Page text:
"All artists are alike. They dream of doing something that's more social, more collaborative, and more real than art." Dan Graham
'Buying Time' is a project initiated by independent curator Nathalie Levi. It asks how artists can offer a truly alternative approach when the nature of today's workplace has adapted and adopted 'creative' principles. It also asks how artists can intervene in what has been described by Robert Peston as the "real economy" when the structures of employment and production are undergoing massive change. Forty years ago, the Artists' Placement Group (APG) sent artists to work in industry, to organisations like British Rail and BP, to see how their creativity could improve working life and productivity. Forty years later, almost none of the state-run organisations exist, and many of the private enterprises have changed beyond recognition. 'Buying Time' suggests that the questions the APG asked are more relevant and pressing than ever. After forty years of de-industrialisation, privatization, and globalization, how can artists offer a truly alternative approach when the nature of today's workplace has adapted and adopted creative principles?
'Buying Time' has partnered three artists with three entirely different types of businesses. David Lisser, Graham Dolphin, and Neil Bromwich & Zoe Walker have spent the early part of 2013 working as 'embedded artists' in the commercial world. Each of the three outcomes will be presented in the NGCA's Project Space throughout the year.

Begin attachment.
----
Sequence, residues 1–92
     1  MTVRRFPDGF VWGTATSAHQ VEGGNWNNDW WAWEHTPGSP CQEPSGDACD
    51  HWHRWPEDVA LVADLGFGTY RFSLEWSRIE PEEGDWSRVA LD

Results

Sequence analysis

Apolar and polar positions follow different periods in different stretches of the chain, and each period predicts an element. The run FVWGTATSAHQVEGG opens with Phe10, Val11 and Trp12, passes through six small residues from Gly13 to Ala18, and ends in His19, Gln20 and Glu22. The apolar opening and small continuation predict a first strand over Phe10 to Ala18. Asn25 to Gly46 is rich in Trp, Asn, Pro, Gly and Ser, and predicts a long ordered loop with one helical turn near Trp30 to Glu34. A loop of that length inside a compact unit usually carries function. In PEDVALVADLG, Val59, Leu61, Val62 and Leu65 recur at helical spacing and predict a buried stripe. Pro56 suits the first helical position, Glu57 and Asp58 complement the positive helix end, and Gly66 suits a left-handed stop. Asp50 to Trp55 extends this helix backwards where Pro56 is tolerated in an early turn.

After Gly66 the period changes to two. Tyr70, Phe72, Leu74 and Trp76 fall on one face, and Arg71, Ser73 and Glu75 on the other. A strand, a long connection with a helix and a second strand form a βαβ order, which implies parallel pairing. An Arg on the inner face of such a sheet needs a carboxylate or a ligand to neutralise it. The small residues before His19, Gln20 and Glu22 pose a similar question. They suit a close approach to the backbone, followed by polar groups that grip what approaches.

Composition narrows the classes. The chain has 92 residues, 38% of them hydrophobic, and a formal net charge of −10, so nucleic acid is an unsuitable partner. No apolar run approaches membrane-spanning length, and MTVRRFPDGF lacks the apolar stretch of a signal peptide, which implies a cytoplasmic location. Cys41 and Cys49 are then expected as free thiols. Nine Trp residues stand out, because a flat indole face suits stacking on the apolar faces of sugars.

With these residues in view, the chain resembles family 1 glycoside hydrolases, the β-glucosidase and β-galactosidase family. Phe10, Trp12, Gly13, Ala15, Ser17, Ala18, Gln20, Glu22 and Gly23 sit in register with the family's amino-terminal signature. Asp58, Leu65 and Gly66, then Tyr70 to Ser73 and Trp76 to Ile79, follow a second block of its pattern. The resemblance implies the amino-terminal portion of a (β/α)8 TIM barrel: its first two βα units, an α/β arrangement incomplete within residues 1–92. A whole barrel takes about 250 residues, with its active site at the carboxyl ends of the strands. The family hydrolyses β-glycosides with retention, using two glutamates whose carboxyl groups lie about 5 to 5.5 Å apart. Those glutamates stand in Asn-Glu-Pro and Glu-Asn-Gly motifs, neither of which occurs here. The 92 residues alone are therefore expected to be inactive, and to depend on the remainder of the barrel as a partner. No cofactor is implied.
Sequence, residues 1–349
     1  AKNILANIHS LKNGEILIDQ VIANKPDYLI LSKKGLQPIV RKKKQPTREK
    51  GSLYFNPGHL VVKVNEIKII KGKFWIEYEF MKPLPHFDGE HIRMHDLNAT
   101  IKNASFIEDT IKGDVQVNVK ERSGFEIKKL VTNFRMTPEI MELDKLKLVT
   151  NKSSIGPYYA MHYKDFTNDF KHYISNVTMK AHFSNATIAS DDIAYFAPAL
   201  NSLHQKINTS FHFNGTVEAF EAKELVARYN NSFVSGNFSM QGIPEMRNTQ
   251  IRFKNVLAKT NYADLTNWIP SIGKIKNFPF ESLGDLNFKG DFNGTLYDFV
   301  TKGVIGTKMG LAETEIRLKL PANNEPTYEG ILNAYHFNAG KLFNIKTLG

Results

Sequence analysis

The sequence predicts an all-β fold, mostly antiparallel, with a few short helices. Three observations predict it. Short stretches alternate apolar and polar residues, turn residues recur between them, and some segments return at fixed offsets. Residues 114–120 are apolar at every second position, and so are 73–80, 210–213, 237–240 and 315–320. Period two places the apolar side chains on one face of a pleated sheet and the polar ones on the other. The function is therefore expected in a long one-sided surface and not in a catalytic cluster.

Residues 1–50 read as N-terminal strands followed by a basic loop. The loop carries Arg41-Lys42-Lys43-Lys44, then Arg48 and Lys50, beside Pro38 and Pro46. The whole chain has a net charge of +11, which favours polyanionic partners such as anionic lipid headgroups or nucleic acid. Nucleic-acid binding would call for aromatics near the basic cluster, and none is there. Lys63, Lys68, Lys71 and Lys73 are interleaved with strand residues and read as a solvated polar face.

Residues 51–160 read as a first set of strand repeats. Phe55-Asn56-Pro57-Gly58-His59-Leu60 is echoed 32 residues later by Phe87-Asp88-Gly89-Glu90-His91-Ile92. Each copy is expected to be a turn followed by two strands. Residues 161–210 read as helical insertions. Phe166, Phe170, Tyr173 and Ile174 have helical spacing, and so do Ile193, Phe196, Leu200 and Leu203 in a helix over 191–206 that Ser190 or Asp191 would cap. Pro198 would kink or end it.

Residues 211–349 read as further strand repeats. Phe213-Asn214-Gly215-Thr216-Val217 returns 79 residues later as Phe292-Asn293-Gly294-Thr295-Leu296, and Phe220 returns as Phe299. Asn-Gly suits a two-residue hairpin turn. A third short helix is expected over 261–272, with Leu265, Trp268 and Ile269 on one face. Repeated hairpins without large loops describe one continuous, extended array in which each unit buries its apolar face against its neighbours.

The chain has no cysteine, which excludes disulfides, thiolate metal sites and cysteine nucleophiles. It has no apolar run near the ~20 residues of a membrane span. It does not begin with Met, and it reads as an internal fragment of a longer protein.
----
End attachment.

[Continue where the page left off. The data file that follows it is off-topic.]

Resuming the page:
Artist David Lisser has spent two months collaborating with an almost unique business. Ray Bland is a freelance engineer who specialises in the bespoke and creative use of robots normally used in heavy industry. Bland specialises in working with computer-controlled robots usually employed by corporations to create thousands of precision-engineered components. Lisser and Bland have created unique sculptures, carved by machines, in an unprecedented use of such technologies. Lisser is an artist whose sculptures come out of his interest in "the hope that we invest the promise technology offers us". His works to date have included the creation of a midge-subsisting nomadic tribe in post-apocalyptic Northumberland, and a series of archaic 'wishing machines' that people can offer up their hopes and dreams to. His body of work explores how we imagine both traditional craft skills and modern high-tech modes of production. For this exhibition he has created alluring carved mahogany sculptures whose minutely detailed contours seem to challenge our understanding.
Ray Bland's work as an engineer has led him to discover parallels between these sophisticated industrial robots and the creative arts. Through their "lightness of touch and subtle discrimination of line" Bland amalgamates these two spheres under the working title ArtintheMachine. See ArtintheMachine.
David Lisser, Robot Taster